The GTNP supports two types of composite structures: the first is based on the NTCB paradigm of the TNI; the second is based on the TCB Subset paradigm of the TDI. Using these composite structures, enforcement of the overall network security policy may be allocated to the various NTCB components or TCB subsets, with the MAC policy enforcement allocated to the GTNP (and, if necessary, other M-components). Other policies can then be enforced by proper integration of other products with the GTNP.
Within the NTCB paradigm, a secure distributed system with a coherent Network Security Architecture and Design would be composed of multi-vendor network components which can be evaluated in one of two views: the Interconnected Accredited AIS view or the single Trusted System view. The GTNP has been used as the Mandatory Component together with NTCB components provided by other products for trusted security guards, firewalls, access controllers and key distribution centers applications.
Within the TCB Subset paradigm, the overall system TCB would be composed of a number of separately evaluated TCB subsets. The GTNP's hierarchical ring abstraction would be used to provide a layered foundation in which the system TCB is composed of separate trusted software components with distinct domains, i.e, each TCB subset occupies a different ring.
The GEMSOS Security Kernel has been shipped as a commercial product since 1985.
The security protection provided by the Gemini Trusted Network Processor, configured according to the most secure manner described in the Trusted Facility Manual, has been evaluated by the National Computer Security Center (NCSC) against the requirements specified by the Department of Defense Trusted Computer System Evaluation Criteria [DOD 5200.28-STD] dated December 1985, as interpreted by the Trusted Network Interpretation of the Trusted Computer System Evaluation Criteria [NCSC-TG-005, Version-1], dated 31 July 1987. The GTNP has been evaluated against Appendix A of the Trusted Network Interpretation.
The National Security Agency (NSA) evaluation team has determined that the highest class at which the Gemini Trusted Network Processor satisfies all of the specified requirements of the Criteria as interpreted by the Network Interpretation is as an A1 Mandatory-Only Network Component. As a result, the GTNP can potentially be incorporated into a network system that can meet the Trusted Network Interpretation (of the Trusted Computer System Evaluation Criteria) (TNI) part I requirements for class A1 and several of the TNI part II requirements.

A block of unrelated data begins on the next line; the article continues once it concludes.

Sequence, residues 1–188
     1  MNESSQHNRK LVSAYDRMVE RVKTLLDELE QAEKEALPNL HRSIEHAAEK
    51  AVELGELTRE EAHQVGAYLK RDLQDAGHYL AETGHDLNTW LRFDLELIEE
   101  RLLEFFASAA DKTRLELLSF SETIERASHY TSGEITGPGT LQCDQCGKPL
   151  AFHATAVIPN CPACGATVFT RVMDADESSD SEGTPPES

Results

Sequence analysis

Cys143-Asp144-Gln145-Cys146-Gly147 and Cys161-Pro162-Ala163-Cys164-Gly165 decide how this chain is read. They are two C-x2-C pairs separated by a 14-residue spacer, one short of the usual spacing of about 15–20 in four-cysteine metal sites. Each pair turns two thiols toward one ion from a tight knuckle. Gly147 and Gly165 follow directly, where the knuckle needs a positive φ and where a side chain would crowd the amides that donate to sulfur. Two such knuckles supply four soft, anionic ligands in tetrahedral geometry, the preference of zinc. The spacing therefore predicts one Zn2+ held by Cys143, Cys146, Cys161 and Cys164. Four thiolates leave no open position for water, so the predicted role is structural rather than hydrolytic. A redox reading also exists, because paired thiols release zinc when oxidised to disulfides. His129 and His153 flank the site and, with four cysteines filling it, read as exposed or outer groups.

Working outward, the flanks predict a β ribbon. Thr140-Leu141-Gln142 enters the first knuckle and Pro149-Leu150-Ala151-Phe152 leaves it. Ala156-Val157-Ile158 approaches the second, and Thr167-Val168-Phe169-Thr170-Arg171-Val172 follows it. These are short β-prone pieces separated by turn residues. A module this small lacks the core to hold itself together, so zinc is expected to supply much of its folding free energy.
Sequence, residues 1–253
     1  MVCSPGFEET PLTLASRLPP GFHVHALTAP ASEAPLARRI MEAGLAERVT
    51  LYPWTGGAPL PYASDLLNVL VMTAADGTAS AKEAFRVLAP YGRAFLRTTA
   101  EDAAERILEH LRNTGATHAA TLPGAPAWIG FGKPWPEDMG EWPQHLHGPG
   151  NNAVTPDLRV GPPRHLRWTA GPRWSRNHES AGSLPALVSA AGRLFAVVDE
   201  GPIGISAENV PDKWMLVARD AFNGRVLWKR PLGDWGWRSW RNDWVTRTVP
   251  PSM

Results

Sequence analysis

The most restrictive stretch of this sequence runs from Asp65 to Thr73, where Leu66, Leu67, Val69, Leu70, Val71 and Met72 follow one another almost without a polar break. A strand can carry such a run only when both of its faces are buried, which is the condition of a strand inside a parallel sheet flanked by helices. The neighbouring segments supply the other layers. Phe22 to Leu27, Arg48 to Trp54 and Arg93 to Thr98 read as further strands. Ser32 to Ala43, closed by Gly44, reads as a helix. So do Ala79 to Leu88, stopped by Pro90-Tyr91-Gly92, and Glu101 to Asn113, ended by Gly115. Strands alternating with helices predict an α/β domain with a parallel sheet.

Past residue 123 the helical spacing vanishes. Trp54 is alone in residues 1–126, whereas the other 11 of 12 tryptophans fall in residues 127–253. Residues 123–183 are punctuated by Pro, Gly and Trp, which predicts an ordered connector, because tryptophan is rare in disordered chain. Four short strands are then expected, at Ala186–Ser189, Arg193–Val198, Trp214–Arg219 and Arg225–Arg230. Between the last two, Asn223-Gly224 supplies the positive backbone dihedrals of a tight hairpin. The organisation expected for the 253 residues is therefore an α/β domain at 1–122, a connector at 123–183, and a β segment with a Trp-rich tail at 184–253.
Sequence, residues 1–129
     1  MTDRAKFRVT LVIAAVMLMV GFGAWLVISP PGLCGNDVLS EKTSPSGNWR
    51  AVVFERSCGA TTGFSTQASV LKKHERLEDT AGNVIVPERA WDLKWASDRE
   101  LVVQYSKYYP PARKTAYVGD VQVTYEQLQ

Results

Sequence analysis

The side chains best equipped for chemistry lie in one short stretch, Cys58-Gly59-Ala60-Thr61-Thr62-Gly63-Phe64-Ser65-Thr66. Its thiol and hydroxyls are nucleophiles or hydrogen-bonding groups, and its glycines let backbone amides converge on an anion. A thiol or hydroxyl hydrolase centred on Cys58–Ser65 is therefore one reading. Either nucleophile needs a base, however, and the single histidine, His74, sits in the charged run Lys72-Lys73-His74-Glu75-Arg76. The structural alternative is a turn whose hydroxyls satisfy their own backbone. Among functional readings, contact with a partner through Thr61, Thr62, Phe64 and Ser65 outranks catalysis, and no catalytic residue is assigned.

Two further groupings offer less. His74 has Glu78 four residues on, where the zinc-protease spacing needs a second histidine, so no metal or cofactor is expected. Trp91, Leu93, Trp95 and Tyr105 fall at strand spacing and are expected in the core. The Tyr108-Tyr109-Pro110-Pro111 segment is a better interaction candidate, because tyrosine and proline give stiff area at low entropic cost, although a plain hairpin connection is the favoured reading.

A system that has been rated as being an A division system is characterized by the use of formal security verification methods to assure that the controls provided by the system can effectively protect classified or other sensitive information stored or processed by the system. The system architecture is that of a minimized security reference monitor. Extensive documentation is required to demonstrate that the Trusted Computing Base (TCB)* meets the security requirements in all aspects of design, development, and implementation.
M-Components are components that provide network support of the Mandatory Access Control (MAC) Policy as specified in the TNI. M-Components do not include the mechanisms necessary to completely support any of the other network policies (Discretionary Access Control, Identification and Authentication, and Audit) as defined in the interpretation.
Gemini Computers, Incorporated is participating in the Ratings Maintenance Phase (RAMP) Program for the Gemini Trusted Network Processor. Future changes to the evaluated system will continue to be reviewed via RAMP so as to maintain the rating of the system.
For a complete description of how the Gemini Trusted Network Processor satisfies each requirement of the Criteria, see Final Evaluation Report, Gemini Trusted Network Processor (Report No. CSC-EPL-94/008). The report should also be consulted for an exact list of the evaluated hardware components.
*: In the case of network component evaluations, this demonstration is for the Network TCB (NTCB) component partition.